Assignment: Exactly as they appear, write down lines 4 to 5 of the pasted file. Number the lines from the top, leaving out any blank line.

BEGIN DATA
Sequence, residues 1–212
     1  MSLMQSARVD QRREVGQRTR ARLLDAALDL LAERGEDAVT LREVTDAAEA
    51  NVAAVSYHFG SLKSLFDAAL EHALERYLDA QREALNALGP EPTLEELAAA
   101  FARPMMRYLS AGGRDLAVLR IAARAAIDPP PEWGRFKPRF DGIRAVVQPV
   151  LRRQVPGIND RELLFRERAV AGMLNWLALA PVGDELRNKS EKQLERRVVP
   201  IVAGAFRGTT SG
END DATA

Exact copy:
   101  FARPMMRYLS AGGRDLAVLR IAARAAIDPP PEWGRFKPRF DGIRAVVQPV
   151  LRRQVPGIND RELLFRERAV AGMLNWLALA PVGDELRNKS EKQLERRVVP